Green Climate Fund needs ideas with low-carbon wow factor - ex-head

Now that the fund is up and running, it must start selecting projects that can make a real difference, says former director.

The Green Climate Fund, which aims to channel billions of dollars to help poorer nations tackle global warming, is not yet backing the right kind of projects to bring about a sea of change in low-carbon development, said its recently departed executive director.

Héla Cheikhrouhou, who was appointed as Tunisia’s minister for energy, mining and renewables in its new government on Friday, urged the $10.3-billion fund to provide clearer guidelines on what it is seeking to finance in areas such as water, urban development, energy and transport.

“Now our rules are very broad… the net that exists is very wide, so anything goes,” Cheikhrouhou told the Thomson Reuters Foundation in an interview from Tunis.

“We can’t continue like that; we need to invest the money wisely to meet the mandate of the fund.”

The Green Climate Fund has a specific objective to promote a “paradigm shift towards low-emission and climate-resilient development pathways”, and aims to use its money to achieve “transformational impact”.

Since November 2015, the South Korea-based fund has approved investments of around $424 million in 17 projects and has an “aspirational goal” to commit $2.5 billion this year - a goal observers say will be tough to reach.

They include a plan to develop solar energy in Chile and another to support World Bank climate action in Tajikistan and Uzbekistan.

If (the fund) became all things to all people, we would have very limited impact in the greater scheme of things.

Héla Cheikhrouhou, former executive director, Green Climate Fund

Cheikhrouhou, who left the fund after one three-year term, said the agencies eligible to request its cash “need to help us to respect our mandate, and should make a bigger effort to bring us things that are not just ready and have been lying around for a while”.

The fund, for its part, is working to produce technical notes to help its partners understand what kind of things it defines as “paradigm-shifting”, she added.

For example, where a growing city is struggling to supply enough water to residents, simply piping in extra water could make things worse by attracting more people. Instead urban planning could be changed to spur development in regions with better water resources.

Or, in a country that wants to boost the share of renewables in its energy mix, the Green Climate Fund could back efforts to change regulations or build institutions that would attract investment into its chosen forms of clean energy on a large scale, Cheikhrouhou said.

In the rush to get the first projects approved before the Paris climate talks in December last year, and to hit the 2016 goal, some proposals given the green light have been criticised as “business as usual“.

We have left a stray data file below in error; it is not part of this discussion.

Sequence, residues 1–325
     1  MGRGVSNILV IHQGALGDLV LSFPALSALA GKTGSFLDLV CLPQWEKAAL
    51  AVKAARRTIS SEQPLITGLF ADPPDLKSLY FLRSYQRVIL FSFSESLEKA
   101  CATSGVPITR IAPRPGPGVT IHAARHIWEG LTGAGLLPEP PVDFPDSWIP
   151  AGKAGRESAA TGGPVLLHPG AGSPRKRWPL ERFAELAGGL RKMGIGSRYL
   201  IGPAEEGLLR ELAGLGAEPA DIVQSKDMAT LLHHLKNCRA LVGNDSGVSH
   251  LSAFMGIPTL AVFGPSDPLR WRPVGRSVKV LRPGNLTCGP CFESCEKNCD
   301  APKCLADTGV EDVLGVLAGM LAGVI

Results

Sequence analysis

Merely constructing a bigger wind farm or getting business involved in ongoing government efforts to reduce carbon emissions might not make the grade, she explained.

“If (the fund) became all things to all people, we would have very limited impact in the greater scheme of things. So we need to find ways to signal clearly what is a project that would change the game,” she said.

Paris building block

Despite this challenge, Cheikhrouhou said the fund had achieved a great deal in its first three years, and had been an important building block for the new global climate change deal sealed in Paris last year, giving developing countries “extra confidence” to sign up to that agreement.

“It was one of those fast sprints where you have to jump over hurdles,” she said. The main hurdles were hammering out the fund’s business model, raising $10 billion from governments, and approving the first projects in time for Paris, she added.

This year, she focused on boosting staff numbers at the fund’s secretariat to cope with its growing work load, and putting in place the right procedures and systems to enable the fund to run smoothly.

Those efforts still need to be accelerated so that the fund has a firm foundation to expand its activities. “There has to be a lot of hard work,” she said.

The board plans to appoint a new executive director after interviewing candidates at its next meeting in October.

Javier Manzanares, the fund’s chief financial officer, is acting as interim head until the new leader takes over, which the board hopes will be by early next year.

Cleaner energy for Tunisia

Cheikhrouhou, in her new role as Tunisia’s energy minister, said she would seek to promote investment in the north African country’s energy sector, with the aim of achieving “a cleaner and more efficient energy mix” over time.

Renewable energy now accounts for only around 3 to 4 per cent of electric power generation, she noted, even though Tunisia has significant wind and solar resources.

“That is not where we want to be 10, 20 years from now,” she said, adding that the country’s democratic transition meant the time was ripe to start shifting that situation.

Tunisia has set targets for raising the share of renewable energy in its electricity production to 14 per cent in 2020 and 30 per cent in 2030.

This story was published with permission from Thomson Reuters Foundation, the charitable arm of Thomson Reuters, that covers humanitarian news, women’s rights, trafficking, property rights and climate change. Visit

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